Stilts were serving their purpose along the west fork of the San Jacinto River Saturday afternoon as water below perched homes rose 30 inches out of its banks. Even homes away from the water, such as those in Cypress, couldn't escape the high waters.
As floodwater began to infiltrate nearby neighborhoods, some homeowners nestled between the river and its surrounding coves, such as Forest Cove, had their attention torn in two directions.
"The river rises on both sides equally, so if we're constantly watching it from here, we may not be able to get out of the subdivision that way, so it could end up flooding on both sides," Joy Rizzi, a homeowner along the San Jacinto River said.
On the road that normally leads to many of the homes along the river, many homes were flooded on both sides, left as islands in the roadway. Resident Joe Pinter had been taking food to some of the residents that elected to stay in his 6-wheel vehicle.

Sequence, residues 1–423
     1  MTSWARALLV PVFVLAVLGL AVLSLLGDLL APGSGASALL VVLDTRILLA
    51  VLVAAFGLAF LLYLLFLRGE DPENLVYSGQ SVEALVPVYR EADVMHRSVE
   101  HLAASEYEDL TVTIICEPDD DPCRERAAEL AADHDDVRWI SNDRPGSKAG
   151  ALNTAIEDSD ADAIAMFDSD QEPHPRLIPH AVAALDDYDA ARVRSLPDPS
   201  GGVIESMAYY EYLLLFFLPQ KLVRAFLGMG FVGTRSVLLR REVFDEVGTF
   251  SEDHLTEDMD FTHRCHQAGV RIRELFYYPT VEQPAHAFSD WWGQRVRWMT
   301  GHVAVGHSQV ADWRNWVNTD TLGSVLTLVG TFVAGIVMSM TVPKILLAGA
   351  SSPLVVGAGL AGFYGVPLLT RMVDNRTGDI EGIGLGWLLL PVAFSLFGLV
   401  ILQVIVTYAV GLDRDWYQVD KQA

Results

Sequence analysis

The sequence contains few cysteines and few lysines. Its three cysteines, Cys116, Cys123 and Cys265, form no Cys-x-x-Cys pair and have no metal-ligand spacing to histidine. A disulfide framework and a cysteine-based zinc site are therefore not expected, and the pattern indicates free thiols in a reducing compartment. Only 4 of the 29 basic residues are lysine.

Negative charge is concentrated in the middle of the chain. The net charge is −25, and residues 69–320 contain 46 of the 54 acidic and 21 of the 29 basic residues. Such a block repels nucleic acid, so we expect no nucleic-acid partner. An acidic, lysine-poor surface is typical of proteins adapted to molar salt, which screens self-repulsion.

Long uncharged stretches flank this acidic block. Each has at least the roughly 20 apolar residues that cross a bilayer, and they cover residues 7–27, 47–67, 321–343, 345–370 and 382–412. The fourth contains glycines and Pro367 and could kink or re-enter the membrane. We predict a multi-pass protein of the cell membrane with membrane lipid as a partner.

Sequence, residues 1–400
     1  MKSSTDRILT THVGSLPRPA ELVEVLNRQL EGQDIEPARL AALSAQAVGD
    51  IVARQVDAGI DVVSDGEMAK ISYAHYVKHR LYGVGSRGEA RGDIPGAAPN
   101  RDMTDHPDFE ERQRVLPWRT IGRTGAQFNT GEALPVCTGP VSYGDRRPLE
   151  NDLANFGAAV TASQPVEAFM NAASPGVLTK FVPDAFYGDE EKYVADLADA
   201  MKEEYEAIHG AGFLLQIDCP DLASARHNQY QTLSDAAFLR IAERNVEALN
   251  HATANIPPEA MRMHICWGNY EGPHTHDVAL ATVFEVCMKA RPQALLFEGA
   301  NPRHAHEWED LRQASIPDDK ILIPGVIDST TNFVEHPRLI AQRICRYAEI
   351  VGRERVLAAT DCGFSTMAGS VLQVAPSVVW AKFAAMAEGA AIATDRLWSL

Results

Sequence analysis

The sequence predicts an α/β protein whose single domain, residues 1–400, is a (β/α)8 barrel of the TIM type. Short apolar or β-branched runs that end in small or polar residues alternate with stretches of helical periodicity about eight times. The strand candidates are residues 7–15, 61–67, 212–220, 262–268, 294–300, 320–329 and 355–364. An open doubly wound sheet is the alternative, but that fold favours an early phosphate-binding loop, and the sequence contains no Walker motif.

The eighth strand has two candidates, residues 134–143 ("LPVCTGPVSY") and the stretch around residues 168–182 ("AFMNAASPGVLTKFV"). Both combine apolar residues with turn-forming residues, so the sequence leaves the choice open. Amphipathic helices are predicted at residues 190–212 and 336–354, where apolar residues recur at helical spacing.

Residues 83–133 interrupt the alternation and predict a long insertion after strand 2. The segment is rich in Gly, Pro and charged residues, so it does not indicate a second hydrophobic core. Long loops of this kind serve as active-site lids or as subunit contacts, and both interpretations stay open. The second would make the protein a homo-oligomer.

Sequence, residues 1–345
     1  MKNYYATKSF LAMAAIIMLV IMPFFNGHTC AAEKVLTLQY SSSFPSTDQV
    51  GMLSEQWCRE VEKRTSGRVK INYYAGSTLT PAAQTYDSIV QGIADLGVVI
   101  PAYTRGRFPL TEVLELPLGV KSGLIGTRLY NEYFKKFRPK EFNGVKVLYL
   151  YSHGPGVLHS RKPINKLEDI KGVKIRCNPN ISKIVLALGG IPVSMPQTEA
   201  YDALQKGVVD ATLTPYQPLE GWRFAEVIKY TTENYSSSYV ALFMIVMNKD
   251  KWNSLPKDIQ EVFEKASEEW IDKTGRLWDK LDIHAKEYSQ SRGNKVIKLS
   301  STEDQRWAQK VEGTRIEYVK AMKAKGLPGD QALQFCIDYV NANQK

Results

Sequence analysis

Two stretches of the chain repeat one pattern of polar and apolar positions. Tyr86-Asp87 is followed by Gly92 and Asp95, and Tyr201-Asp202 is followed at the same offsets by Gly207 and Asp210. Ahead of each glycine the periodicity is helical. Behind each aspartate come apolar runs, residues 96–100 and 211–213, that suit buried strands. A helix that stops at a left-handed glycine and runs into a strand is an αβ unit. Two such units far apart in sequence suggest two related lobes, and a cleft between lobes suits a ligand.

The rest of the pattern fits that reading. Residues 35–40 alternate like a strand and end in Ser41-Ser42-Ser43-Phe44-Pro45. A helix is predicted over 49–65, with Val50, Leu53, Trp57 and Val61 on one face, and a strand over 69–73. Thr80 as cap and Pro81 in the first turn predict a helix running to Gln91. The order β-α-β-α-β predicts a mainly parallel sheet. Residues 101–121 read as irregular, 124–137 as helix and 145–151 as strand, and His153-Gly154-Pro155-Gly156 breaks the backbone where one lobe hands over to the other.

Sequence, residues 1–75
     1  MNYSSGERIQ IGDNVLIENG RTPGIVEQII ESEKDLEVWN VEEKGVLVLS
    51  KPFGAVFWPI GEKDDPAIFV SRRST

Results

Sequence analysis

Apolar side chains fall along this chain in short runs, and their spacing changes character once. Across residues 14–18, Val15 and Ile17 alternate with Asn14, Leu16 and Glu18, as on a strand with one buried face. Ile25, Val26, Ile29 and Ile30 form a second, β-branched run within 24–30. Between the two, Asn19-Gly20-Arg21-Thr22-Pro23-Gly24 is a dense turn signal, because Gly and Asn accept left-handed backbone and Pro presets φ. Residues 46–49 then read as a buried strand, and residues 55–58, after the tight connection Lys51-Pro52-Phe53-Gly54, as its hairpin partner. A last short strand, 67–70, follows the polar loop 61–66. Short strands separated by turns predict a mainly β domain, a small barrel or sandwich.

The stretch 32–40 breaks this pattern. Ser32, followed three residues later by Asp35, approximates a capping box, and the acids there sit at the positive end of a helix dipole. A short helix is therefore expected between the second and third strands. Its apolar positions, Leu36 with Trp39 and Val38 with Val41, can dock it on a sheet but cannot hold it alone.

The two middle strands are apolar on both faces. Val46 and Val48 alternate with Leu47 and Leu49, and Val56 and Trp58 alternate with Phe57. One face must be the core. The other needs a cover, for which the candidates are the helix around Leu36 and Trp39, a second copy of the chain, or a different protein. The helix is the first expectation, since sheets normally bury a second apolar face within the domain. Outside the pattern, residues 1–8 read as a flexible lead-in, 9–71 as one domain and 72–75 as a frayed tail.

"They're stranded. They can't come out without a 4-wheeler or a boat," Pinter said.
For those homes that are dealing with high water in the area, the Harris County Flood Control District doesn't think the problem will be resolved until late Sunday or early Monday morning.
In Cypress, water levels had receded some on Saturday, but standing water still kept people out of their homes.
"The Cy Creek Fire Department drove up to my door in their boat and said it's time to go," resident Kim Goldberg, who evacuated Friday, said.
No more evacuations were ordered Saturday, but homeowners now have to deal with the leftover mess and lack of electricity. Michael Smith and his family tried to make the best of their situation while stuck at home with nowhere to go.
"We ain't got no power, gotta be outside anyway, cleaning the gutters, trying to get the water flowing on top of the house," Smith said. "We call it rednecking in the city. We just come out, we have a generator, brought a lamp out from the house and set up right here and grilled some brats."